The Vienna Ring Road

Wed, 26/06/2024

In December 1857 Emperor Franz Joseph's historic words appeared in the Wiener Zeitung: ‘It is my will ...’. The Viennese suburbs were to be connected to the imperial center of power. It took more than 50 years of great effort to build the 5.3 kilometer Ringstrasse, which is still unrivalled in the world today. It builds a ring around the first district, the Inner-City Centre of the Austrian capital which forms the historic downtown area.

Officially opened by Emperor Franz Joseph on 1 May 1865 in front of the castle gate, only a portion of the Ringstrasse, now spanning 57 meters wide, was completed at that time. With the unveiling, Vienna's center ceased to serve solely as a stage for aristocratic and courtly society, welcoming the upper middle class as well. The bourgeoisie, gradually gaining their full rights, erected magnificent buildings along the Ringstrasse and hosted guests in their exclusive 'salons' at locations like Palais Epstein, Todesco, or Ephrussi.

In between, buildings of imperial representation were erected, such as the Neue Burg, the Kunsthistorisches Museum (Museum of Art History), the Naturhistorisches Museum (Natural History), the State Opera and the Burgtheater, one of the largest and most renowned stages of the city.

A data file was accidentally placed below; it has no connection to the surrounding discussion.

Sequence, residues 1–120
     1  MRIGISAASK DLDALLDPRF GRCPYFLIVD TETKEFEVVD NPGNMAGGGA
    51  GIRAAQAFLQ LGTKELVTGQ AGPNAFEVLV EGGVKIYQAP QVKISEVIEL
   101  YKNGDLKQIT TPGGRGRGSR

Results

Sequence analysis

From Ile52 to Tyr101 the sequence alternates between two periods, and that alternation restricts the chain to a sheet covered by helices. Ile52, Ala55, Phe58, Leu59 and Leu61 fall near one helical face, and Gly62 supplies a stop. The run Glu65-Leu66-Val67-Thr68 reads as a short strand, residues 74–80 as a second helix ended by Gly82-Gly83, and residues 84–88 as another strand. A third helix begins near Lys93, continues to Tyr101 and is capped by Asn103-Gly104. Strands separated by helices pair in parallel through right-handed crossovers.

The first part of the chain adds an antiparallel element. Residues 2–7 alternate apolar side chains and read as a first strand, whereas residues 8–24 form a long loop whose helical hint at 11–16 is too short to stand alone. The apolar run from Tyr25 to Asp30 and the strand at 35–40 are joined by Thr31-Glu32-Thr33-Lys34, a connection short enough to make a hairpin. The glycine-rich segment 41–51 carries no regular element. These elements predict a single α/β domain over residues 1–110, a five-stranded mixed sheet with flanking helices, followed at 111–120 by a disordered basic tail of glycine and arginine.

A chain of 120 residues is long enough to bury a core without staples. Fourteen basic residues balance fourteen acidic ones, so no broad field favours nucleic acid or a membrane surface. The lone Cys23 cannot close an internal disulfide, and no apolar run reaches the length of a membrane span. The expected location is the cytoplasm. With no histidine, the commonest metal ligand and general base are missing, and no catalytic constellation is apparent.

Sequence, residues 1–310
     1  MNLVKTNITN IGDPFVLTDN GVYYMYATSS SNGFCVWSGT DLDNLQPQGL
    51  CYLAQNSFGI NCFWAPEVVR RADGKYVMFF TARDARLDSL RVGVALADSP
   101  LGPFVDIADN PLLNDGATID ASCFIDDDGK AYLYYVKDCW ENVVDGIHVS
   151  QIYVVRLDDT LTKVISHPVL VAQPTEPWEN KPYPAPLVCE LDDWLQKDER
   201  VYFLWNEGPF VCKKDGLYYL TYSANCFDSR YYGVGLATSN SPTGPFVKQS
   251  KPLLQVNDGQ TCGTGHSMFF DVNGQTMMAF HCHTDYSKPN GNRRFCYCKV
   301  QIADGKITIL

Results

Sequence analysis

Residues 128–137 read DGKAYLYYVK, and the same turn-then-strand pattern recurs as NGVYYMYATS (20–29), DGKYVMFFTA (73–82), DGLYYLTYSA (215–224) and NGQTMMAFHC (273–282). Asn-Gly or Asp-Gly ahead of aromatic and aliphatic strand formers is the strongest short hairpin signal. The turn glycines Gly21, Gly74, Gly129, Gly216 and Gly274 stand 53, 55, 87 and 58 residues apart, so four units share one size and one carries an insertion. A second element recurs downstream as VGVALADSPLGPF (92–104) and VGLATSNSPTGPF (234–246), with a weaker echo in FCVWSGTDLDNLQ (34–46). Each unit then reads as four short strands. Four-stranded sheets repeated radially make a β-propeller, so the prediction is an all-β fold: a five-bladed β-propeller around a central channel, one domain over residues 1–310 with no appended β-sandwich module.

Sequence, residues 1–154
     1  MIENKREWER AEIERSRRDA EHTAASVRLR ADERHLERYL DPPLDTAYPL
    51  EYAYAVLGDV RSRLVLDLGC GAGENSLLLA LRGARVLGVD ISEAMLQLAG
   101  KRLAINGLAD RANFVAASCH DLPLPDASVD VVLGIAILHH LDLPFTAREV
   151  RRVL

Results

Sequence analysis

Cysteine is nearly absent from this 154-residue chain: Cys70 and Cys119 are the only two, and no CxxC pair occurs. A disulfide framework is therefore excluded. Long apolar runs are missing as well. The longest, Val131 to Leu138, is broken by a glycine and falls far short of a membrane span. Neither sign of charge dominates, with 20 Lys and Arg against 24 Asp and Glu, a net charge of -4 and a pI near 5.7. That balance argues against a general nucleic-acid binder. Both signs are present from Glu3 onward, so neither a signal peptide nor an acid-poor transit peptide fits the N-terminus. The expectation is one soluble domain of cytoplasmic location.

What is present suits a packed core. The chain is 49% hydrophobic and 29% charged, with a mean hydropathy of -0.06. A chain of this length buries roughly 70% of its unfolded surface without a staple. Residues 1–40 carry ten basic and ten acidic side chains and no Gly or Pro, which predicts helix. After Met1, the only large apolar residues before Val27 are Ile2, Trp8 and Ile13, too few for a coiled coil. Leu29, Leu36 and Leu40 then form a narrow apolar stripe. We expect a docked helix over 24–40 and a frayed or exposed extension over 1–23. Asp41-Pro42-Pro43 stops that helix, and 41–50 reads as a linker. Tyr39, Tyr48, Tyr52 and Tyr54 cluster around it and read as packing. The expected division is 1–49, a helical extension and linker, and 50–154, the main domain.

Simultaneously, buildings emerged reflecting the population's new democratic self-image: parliament, city hall, and the university. In its heyday, the Ringstrasse boasted 27 cafés, while the splendid parks interspersed throughout continue to serve as recreational havens to this day. Vienna flourished musically during the late 19th and early 20th centuries. The era witnessed the ascendancy of the Strauss family's waltzes and operettas, Franz Léhar's compositions, Gustav Mahler's groundbreaking contributions to the court opera, and Arnold Schönberg's modernism. Vienna earned the moniker of the world capital of music during the Ringstrasse era.

The Ringstrasse owes its current appearance to some of the finest architects of the time, notably Theophil von Hansen, Heinrich von Ferstel, Gottfried Semper, and Carl von Hasenauer. Their creations, constructed in various historicist styles such as Renaissance, Baroque, and Gothic, experienced a renaissance during that period.

Once completed, the Ringstrasse served and continues to serve a multitude of purposes. It stands as one of Vienna's most vital traffic arteries, a promenade, a meeting place, a shopping street, and a witness to historical events. Even today, this iconic street hosts a plethora of rallies and events, ranging from the Rainbow Parade to the Vienna City Marathon.

Even the part often not classified as the traditional Ring - Franz-Josefs-Kai - has evolved into a hotspot. Stretching from the architectural landmark Ringturm on Schottenring to the Urania along the Danube Canal, a vibrant modern urban pub scene has flourished.